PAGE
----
Probably the most beautiful new artwork of the Setouchi Triennale 2022 so far, Leonid Tishkov‘s fantastic series of installations called “The Way to the Moon” continues on Yoshima.
But first, if you haven’t read the post about the first part on Shamijima, go there first:
Are you caught up? Good.
So, this year is the first time that art has been installed on the very peculiar island of Yoshima. Why peculiar? You’ll have to watch the video further down below to see why.
Not only Yoshima but also Nabeshima.
Nabeshima is a very tiny island, a big rock really. It’s not even an island anymore, as it’s been attached to Yoshima by a breakwater. Nabeshima’s claim to fame is its lighthouse which was designed by British civil engineer Richard Henry Brunton in 1872, when Japan had started its modernization, and that included building a series of lighthouses with the help of (mostly British) civil engineers and architects.
Unfortunately, the lighthouse is not in use anymore but the silver lining is that it could house a piece of art for the Setouchi Triennale.
One Cubic Meter of Space
Million Stars and One Star
“The “Way to the Moon” leads all the way to the Nabeshima Lighthouse. Inside the Lighthouse is “One Cubic Meter of Space” that contains a million stars.
In addition, the light of the lighthouse is also a star in itself. Should we ever go to the moon, we will witness the light of the lighthouse from the lunar surface. Indeed, there is nothing difficult about it. If we stand upon the thin red and green rays of light that shine from the lighthouse and venture out into the sky, we will find the moon ship waiting for us between the billowing waves of clouds.”
Unfortunately, I’m not even sure why, I only took one picture of the cubic meter of space. Maybe because I really was eager to go see the final part of the Way to the Moon, that is:
The Last Bus Stop on the Way to the Moon
It starts with this video (that also tells you a little bit about Yoshima):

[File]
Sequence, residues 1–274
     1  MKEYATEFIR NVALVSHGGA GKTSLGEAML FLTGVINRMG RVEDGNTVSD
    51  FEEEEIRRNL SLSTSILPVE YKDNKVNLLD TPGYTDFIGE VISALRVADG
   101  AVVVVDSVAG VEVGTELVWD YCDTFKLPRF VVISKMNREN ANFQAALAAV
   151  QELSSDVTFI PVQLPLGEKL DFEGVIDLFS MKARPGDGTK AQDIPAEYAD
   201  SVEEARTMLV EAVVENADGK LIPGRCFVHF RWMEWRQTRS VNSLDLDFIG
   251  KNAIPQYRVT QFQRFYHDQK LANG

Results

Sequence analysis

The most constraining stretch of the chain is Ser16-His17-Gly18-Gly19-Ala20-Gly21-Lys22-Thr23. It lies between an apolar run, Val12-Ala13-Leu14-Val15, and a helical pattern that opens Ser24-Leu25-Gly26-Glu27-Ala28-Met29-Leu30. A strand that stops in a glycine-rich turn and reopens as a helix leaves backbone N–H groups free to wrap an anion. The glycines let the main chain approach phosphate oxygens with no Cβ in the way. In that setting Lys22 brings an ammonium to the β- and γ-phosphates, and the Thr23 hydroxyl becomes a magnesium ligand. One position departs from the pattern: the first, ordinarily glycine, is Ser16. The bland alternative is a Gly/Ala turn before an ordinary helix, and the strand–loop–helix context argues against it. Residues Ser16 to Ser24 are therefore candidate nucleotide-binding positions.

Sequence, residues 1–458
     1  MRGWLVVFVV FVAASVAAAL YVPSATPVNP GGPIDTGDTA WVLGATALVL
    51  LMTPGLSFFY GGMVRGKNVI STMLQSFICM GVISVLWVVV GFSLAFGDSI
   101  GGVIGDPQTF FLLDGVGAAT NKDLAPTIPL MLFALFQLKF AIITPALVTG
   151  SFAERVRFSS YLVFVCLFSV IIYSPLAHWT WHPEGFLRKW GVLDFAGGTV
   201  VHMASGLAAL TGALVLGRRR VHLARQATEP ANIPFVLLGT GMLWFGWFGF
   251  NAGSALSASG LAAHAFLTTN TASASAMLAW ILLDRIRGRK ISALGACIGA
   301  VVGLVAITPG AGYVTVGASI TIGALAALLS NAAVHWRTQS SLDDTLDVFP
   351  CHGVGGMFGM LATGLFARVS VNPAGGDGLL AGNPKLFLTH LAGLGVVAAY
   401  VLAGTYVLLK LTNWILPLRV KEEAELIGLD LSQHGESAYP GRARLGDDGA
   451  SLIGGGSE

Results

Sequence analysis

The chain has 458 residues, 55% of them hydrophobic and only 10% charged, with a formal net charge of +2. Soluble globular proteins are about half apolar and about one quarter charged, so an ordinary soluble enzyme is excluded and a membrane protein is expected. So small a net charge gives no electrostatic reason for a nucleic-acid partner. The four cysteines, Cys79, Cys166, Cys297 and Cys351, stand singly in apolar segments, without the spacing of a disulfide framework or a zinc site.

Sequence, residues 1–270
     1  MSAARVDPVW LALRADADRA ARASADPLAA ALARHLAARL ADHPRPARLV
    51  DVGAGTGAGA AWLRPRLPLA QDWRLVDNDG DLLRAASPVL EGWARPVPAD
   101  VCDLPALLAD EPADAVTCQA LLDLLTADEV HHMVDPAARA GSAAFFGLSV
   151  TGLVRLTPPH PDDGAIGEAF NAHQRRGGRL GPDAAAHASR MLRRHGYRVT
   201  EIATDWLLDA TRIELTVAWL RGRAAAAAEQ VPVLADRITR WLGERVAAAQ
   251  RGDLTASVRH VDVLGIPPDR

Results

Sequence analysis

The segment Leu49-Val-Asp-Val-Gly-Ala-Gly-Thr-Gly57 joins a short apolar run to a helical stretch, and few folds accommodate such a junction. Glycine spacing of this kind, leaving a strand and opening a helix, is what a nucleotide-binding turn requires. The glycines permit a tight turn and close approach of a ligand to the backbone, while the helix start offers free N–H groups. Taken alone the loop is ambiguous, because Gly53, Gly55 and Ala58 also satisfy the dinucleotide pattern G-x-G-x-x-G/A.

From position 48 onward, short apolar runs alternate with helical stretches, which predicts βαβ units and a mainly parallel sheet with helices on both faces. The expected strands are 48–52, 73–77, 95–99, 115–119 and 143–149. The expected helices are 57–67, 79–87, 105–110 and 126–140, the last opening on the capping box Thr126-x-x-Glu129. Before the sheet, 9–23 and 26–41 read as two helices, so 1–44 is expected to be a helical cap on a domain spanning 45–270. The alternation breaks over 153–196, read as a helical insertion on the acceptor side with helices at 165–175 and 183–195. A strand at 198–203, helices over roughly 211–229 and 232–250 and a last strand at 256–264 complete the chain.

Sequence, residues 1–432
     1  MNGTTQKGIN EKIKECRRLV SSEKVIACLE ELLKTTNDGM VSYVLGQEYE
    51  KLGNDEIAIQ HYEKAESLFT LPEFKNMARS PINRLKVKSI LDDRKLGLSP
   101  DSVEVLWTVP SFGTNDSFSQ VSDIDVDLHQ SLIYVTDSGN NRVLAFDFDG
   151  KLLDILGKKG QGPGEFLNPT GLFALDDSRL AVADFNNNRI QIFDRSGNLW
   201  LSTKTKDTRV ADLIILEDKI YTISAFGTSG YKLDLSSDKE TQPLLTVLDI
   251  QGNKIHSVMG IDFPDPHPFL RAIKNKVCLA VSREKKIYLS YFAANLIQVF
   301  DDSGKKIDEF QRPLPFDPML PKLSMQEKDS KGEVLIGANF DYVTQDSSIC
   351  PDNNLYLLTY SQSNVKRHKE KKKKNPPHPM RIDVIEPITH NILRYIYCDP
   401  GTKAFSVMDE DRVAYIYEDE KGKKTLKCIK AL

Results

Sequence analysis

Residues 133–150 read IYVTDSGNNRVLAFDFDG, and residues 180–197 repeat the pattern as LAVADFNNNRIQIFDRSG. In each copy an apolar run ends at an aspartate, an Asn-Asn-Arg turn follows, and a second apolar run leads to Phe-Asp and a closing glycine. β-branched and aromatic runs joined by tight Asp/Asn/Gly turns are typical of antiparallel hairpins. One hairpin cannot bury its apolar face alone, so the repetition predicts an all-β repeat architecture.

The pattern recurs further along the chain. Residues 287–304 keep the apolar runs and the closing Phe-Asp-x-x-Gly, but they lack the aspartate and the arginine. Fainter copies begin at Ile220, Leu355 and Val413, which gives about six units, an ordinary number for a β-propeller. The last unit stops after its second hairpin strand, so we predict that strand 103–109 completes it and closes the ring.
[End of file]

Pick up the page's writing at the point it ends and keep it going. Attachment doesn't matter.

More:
“The “Way to the Moon” is a very long journey, and over the course of our lives we must change trains, or wait to board a bus that may be late from time to time. One hopes that this bus station in Urajo may be the very last stop for our astronaut friend. May he wait until the bus arrives, bid “farewell” to this imperfect world and set off to the moon.”
And finally, the bus arrived to take our cosmonaut to his final destination…
Thank you so much Leonid Tishkov for these wonderful pieces of art. They were so beautiful and poetic. I’m sad that they didn’t stay long, as by the time you’re reading these lines, the Spring session of the Setouchi Triennale 2022 has ended.
To tell you the truth, I returned to Shamijima yesterday to see it one last time. This means, there will be at least one more post (and a few random pictures) about it.
The summer session of the Setouchi Triennale 2022 will start on August 5th. Between now and then, I’ll try to show you the few other artworks that I saw during this Spring session (I didn’t see that many, I’m taking it easy this year, and I definitely avoided the crowds of Golden Week), and hopefully a few previews of the upcoming art this summer (a lot of new art debuts in the summer this year).
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